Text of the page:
Barry Calnan, 3D printing manager for Houston-based 3d-Printing Solutions, has always seen things differently.
“As an engineering designer, keeping an open mind has been my best tool,” Calnan says. “Maybe that comes from being a rock and roll drummer and a painter – I always question why things are the done the way they’re being done.”
Calnan describes himself as having to two turning points in his career, the first occurring when he was working on Bantrel Inc.’s Newfoundland Transshipment Project as a 3D AutoCAD designer. Jokingly, Calnan says that he was dispatched because the company didn’t have anyone else to send. However, he was soon made the company’s youngest electrical plant design system (PDS) CAD coordinator.
This early success helped him hone skills that eventually defined his career path. He continually looked for better and more economical ways to achieve a task. He said that when engineers with three times as many years of experience told him one of his ideas couldn’t be done, he would just respond with, “Why can’t it?”
He also learned how to liaise between the engineers and design or CAD people, which he says can be tough because many people lack experience in both areas.
“Basically, that’s what I’ve done during my entire career,” he said. “I hear what needs to be done and then go back to the design team and work with them to see how it can be accomplished.”
When 3D printing began to take off, Calnan say that the transition into this line of work was a natural one. With his open-minded approach to problem solving, he appreciated having more options afforded to him.
“I’m not a ‘think in the box’ kind of person. Engineering is all about specifications and regulations when you design something. 3D printing takes away a lot of manufacturing restrictions and it opens up a lot of different ways of thinking about a problem,” he says. Following a successful stint in Qatar as Ras Laffan Liquified Natural Gas Co.’s electrical PDS lead, Calnan joined Halliburton where his second turning point occurred when he once again thought, “how can we do this better?”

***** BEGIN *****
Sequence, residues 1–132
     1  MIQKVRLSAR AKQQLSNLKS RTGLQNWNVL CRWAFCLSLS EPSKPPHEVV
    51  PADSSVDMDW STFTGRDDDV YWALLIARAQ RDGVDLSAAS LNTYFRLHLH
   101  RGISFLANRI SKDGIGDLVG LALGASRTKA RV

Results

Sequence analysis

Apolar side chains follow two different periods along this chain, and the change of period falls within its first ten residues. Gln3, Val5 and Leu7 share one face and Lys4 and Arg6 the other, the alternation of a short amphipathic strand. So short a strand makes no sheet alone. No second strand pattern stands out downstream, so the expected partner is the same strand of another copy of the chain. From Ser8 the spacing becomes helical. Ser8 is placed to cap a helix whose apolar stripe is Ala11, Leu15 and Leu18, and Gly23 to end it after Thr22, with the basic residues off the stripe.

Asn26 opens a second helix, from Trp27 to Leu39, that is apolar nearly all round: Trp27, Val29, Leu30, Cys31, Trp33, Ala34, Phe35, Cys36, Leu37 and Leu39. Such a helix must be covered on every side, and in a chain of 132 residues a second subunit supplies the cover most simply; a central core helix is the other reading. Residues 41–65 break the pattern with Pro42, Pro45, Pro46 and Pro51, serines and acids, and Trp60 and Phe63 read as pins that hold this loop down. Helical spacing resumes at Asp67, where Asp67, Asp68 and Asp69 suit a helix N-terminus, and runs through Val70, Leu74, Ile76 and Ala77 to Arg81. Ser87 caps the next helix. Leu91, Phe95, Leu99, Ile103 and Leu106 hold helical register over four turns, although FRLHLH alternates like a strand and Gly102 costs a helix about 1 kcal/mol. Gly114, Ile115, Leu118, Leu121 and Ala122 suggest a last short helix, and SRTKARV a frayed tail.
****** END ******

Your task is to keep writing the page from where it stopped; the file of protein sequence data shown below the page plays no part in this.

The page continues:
Charged with designing a downhole tool, Calnan disregarded a typical design process. He used what he calls “the manufacturing freedoms” he found through 3D printing to design a tool that couldn’t be made any other way.
“Normally, you design the pads on a drill sleeve, and then try to change the pads to whatever flow dynamic they are looking for. I designed the flow and then built the tool around the flow,” he said. “I just turned the design process around.”
The engineering team looked at him quizzically, unable to picture what Calnan was describing.
“I had a model printed. I put it on the table and the light bulb just went off,” he said, explaining that the engineers immediately understood Calnan’s solution. In addition to alleviating designers of certain restrictions, Calnan learned that having a 3D printed model immediately available can be a powerful communication and visualization tool.
Ultimately, Halliburton would patent two of Calnan’s designs.
In April 2008, Calnan became a partner in a 3D printing re-seller company, AGS-3D, before joining Subsea Solutions company 3d-Printing Solutions in 2010. Nicknamed the “3D printing evangelist” by his peers, he has traveled the world, as an exhibitor at prominent conferences such as the Offshore Technology Conference on how 3D printing can revolutionize the oil and gas industry.
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